Color Theory & Package DesignMarch 18, 2014 - by WDG Administrator
When it comes to branding and packaging, color is crucial. Colors are often used to trigger sensory reactions and emotions, and to prompt consumers to make assessments about brands.
In an article in the Journal of Management History entitled Impact of Color on Marketing, researchers found that 60-90% of people make snap judgments about products within 90 seconds based on color alone. “Prudent use of colors can contribute not only to differentiating products from competitors, but also to influencing moods and feelings – positively or negatively – and therefore, to attitude towards certain products. Given that our moods and feelings are unstable and that colors play roles in forming attitude, it is important that managers understand the importance of colors in marketing.”
Marketing studies suggest that our habits prefer instantly recognizable brands, which makes color incredibly important when creating a brand identity (learn more in our recent article on how brands are using loud, expressive colors to make their products jump off the shelf). Color Research & Application recommends that new brands choose colors that specifically differentiate them from established competitors (Coca-Cola’s can is red, Pepsi’s is blue, 7-Up’s is green… see where this is going?).
All that said, it is important to note that the symbiotic relationship between brands and color can work for you, but it can also work against you. The reason is that there are hardwired connections between colors and the products they represent. Yellow is often used to trigger hunger (Golden Arches, anyone?), possibly due to the fact that starches and breads are often yellow and brown. Blue is subdued and suppresses appetite, and dominant blues and greens are historically unpopular in food packaging design (save in generic household cleaning products and cereals).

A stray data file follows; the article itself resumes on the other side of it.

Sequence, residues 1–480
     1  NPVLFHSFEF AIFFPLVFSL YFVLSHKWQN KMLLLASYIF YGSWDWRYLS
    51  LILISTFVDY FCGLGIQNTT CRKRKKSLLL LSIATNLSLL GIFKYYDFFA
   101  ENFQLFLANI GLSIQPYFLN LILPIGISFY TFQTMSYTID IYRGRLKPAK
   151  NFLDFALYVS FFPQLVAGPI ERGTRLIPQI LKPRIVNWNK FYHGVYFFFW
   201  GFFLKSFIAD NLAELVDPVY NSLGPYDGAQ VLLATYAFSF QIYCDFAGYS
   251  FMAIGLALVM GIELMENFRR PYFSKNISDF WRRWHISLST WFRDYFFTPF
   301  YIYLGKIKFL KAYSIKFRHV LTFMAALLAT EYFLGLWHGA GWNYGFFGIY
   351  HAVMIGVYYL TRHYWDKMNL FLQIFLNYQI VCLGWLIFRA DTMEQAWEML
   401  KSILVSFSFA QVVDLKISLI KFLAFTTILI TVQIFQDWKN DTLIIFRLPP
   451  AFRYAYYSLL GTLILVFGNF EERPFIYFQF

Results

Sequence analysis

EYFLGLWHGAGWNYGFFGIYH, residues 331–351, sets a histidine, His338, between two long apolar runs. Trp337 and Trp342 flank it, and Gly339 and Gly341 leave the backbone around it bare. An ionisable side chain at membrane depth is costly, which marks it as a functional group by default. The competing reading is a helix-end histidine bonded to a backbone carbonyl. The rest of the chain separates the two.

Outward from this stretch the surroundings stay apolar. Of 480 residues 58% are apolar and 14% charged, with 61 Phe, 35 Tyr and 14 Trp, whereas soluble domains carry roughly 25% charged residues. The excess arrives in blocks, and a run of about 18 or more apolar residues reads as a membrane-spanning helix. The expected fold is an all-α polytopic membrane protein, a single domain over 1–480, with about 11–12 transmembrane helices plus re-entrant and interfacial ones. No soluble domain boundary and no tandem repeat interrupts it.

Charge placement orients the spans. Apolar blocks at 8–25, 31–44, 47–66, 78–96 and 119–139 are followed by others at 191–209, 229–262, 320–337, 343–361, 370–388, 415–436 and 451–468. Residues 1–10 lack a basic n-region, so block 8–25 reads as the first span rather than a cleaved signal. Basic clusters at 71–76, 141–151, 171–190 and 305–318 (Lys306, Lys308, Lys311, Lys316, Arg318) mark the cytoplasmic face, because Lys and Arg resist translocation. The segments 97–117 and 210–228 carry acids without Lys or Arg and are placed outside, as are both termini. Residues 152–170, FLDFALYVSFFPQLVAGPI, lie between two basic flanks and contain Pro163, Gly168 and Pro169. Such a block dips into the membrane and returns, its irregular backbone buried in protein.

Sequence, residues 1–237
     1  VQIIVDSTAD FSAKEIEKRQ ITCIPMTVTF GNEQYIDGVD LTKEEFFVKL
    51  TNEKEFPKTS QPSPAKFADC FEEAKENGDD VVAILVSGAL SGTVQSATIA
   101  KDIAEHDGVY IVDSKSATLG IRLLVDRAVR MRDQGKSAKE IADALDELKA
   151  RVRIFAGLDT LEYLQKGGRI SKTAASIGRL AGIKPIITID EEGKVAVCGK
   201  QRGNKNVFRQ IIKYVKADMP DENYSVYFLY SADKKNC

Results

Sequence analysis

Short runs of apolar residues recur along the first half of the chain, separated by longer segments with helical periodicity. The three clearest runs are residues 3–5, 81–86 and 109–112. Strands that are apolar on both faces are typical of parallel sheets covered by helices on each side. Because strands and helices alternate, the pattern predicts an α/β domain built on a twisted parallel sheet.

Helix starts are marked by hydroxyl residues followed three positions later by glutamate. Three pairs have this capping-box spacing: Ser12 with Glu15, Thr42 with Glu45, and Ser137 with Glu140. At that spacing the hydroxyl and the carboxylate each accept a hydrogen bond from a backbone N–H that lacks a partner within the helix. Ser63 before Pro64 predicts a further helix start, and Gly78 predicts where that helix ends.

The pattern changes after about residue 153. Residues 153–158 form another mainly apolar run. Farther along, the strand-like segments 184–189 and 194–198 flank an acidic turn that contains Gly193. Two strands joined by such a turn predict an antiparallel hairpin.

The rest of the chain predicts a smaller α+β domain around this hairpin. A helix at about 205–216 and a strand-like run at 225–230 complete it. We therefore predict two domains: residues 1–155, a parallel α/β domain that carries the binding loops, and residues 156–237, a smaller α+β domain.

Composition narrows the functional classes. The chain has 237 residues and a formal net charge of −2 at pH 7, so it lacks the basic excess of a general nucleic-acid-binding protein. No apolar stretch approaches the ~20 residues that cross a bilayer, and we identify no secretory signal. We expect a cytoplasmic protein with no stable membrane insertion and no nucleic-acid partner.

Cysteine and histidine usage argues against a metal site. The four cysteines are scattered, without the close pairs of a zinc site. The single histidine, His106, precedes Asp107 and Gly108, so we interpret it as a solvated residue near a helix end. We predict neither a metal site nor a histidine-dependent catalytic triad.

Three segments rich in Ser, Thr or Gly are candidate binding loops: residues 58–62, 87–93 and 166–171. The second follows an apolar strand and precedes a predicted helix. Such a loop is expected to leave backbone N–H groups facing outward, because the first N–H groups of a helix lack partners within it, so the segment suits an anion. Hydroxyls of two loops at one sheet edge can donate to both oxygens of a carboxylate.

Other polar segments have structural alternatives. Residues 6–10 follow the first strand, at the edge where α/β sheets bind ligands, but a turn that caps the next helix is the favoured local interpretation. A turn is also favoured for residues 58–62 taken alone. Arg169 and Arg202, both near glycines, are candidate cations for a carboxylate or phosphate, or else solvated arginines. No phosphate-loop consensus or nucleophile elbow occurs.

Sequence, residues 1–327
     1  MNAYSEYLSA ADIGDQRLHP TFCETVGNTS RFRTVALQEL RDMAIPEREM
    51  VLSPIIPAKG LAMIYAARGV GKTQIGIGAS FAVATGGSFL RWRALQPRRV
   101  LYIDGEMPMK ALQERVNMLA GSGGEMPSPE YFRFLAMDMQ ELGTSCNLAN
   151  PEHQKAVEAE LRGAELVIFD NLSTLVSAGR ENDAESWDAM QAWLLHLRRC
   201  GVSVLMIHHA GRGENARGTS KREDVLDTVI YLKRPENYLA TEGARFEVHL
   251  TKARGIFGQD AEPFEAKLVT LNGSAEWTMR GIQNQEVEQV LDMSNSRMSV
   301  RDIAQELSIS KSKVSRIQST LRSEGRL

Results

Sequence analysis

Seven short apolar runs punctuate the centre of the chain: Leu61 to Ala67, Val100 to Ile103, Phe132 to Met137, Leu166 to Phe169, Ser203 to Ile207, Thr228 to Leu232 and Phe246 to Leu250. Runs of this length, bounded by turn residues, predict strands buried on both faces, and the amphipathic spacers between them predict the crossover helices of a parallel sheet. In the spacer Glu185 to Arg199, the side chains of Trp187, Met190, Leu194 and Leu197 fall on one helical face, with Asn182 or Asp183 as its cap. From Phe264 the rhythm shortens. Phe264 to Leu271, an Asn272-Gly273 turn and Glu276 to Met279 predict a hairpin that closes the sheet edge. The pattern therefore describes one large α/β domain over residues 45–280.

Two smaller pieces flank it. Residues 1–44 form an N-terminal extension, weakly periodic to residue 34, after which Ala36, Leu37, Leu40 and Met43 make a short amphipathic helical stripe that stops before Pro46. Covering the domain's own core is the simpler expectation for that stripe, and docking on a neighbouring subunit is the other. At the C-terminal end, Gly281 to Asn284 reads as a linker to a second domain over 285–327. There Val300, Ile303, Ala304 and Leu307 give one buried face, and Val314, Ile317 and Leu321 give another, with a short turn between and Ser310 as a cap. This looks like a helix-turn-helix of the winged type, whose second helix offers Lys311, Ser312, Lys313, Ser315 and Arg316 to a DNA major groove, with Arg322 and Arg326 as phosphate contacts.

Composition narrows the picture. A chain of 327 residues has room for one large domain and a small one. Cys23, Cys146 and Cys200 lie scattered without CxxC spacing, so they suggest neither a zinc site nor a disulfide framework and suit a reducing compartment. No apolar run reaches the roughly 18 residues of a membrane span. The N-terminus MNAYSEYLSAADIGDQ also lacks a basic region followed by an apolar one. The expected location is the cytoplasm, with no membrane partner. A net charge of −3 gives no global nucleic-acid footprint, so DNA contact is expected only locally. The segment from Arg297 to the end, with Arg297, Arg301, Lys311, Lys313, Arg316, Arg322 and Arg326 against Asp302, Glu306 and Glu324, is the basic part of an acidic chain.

Researchers at the University of British Columbia showed fake ads to a group of students, and studied their feedback after seeing different colors. Red produced a positive evaluation of the imaginary product. Blue evoked images of water and tranquility: oceans, openness, peace, calm. They found that blue in product packaging was successful to accomplish specific goals in consumers’ minds—a whitening toothpaste that stops tooth decay –– while red was best to illicit an emotional response and trigger memory.
While certain colors are closely associated with specific traits (e.g., brown with “ruggedness”, black with “sophistication” and “luxury”, red with “passion”), most design and branding professionals agree that it’s far more essential for a brand’s colors to support their personality and messaging rather than reinforcing color association stereotypes. There is a strong correlation between the use of colors and consumers’ perceptions of a brand’s personality. Predicting consumer reaction to a product’s color and custom packaging design is far more important than the color itself. Remember, branding and packaging design can be aspirational… purchasing decisions reflect how the consumer wants their lifestyle to be, not as it actually is.
There are no absolute, concrete parameters or set of guidelines for choosing a brand’s colors and packaging color scheme. Shoot instead to capture subtle feeling, mood, and brand image, because this has the ultimate power of persuasion.
With all that said, here’s an infographic from First Site Guide that speaks to many of these issues, as well as many others!
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